Burnout is a prevalent occupational condition characterized by employee feelings of emotional exhaustion, lack of personal connection to colleagues and patients, and doubting their professional abilities or impact.1 Over half of US physicians2 and nearly half of nurses working in primary care3 , 4 screen positive for burnout on surveys. National surveys of US physicians and Veterans Health Administration (VA) primary care employees report that burnout has increased significantly in recent years.2 , 5

Clinician burnout has many negative consequences. Patients cared for by providers suffering from burnout report lower satisfaction6 , 7 and receive lower-quality care.8 10 Providers with burnout report higher levels of absenteeism and more frequent intention to leave their jobs.11 13 Ultimately, they are more likely to reduce work hours14 and leave medical practice entirely.12 , 15 , 16 This has led some to call for the Triple Aim advanced by the Institute for Healthcare Improvement to be amended to include a fourth aim of improving clinician work life in addition to the original three goals of improving patient experience, expanding population health, and reducing costs.17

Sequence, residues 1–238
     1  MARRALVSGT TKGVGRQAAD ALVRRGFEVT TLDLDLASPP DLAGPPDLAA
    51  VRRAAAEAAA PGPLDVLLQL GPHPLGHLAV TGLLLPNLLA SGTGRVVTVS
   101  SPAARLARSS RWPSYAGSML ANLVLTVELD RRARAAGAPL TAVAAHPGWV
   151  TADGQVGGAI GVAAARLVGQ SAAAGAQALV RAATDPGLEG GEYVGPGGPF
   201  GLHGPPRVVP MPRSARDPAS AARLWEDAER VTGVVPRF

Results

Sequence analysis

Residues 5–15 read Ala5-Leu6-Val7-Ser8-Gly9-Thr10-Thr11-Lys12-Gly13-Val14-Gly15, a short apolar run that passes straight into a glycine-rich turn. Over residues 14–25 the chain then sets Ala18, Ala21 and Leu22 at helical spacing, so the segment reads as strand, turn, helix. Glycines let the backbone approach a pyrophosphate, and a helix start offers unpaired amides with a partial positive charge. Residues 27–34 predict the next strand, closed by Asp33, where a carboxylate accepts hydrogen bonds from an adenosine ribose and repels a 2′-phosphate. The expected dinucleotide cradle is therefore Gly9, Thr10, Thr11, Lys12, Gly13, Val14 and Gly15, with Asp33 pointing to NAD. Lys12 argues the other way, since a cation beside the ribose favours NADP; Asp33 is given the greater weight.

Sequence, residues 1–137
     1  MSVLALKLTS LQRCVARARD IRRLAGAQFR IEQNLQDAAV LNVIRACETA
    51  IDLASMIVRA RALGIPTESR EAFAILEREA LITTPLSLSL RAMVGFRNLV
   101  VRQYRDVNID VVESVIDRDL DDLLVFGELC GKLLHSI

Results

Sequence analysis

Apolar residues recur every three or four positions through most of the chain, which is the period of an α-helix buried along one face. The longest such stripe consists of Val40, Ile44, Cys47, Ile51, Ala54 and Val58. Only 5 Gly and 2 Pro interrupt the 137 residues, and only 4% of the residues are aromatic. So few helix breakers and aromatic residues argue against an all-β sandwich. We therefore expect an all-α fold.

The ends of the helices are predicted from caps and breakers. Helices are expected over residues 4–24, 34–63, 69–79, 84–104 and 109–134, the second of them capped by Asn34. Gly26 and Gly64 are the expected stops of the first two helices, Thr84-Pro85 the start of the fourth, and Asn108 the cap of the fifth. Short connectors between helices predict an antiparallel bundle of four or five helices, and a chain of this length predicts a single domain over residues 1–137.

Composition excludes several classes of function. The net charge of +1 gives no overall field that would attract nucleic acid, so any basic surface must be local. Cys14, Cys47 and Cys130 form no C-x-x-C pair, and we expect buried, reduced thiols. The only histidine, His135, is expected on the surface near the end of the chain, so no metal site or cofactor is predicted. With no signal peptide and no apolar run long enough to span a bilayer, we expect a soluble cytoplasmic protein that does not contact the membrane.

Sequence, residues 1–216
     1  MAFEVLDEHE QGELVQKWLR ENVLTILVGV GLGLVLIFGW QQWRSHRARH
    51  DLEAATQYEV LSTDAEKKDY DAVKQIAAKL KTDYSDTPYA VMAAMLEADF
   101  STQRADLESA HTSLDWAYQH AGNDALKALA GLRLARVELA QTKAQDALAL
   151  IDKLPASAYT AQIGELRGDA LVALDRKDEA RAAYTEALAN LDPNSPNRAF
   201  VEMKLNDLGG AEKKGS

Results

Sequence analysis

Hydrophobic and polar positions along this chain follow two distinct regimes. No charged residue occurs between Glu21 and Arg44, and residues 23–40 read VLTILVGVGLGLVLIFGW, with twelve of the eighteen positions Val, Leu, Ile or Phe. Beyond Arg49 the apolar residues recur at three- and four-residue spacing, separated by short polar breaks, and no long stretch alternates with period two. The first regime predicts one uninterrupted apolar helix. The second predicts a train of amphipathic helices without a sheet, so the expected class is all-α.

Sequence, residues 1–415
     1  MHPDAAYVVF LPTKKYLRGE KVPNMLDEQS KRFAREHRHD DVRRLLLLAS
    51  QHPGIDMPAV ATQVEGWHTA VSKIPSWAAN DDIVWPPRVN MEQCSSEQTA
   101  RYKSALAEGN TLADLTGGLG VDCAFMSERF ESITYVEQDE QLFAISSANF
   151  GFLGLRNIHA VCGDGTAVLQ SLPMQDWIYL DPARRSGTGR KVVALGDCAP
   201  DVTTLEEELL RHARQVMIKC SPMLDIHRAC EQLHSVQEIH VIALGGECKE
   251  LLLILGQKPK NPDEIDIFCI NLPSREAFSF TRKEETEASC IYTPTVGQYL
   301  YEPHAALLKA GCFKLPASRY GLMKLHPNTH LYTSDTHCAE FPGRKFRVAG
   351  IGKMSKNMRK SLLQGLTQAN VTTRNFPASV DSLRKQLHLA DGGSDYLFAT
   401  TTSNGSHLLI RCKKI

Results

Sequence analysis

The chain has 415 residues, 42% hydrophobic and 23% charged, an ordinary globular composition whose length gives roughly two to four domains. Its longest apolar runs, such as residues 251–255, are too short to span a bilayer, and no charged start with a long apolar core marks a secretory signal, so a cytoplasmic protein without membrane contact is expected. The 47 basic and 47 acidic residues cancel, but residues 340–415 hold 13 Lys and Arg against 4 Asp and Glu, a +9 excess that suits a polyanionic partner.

A number of workplace conditions appear to contribute to burnout. Workload issues such as working overtime18 , 19 and excess patient volume20 22 are associated with burnout in primary care, as are turnover among primary care support staff20 and insufficient staff to manage patient volume.23 26

The patient-centered medical home (PCMH) has been suggested as a model to simultaneously improve quality of care and reduce burnout among primary care employees in part through team-based approaches to patient care.27 Modern primary care is complex, involving the provision and coordination of care for patients who often have several chronic medical and psychiatric conditions and who require a variety of services from multiple providers. Team-based care should distribute clinical duties among team members in a way that optimally matches team members’ responsibilities and competencies.

In 2010, the US Department of Veterans Affairs undertook the largest implementation of the PCMH to date, involving over 900 primary care clinics.28 A key feature of the VA’s implementation of this model was the creation of Patient Aligned Care Teams (PACT) consisting of one primary care provider, one nurse (RN) care manager, one clinical associate (LPN), and one clerical assistant. Given the scale of program, however, it proved difficult to achieve full staffing at all sites. Moreover, demand for care varied among sites resulting in variable workload.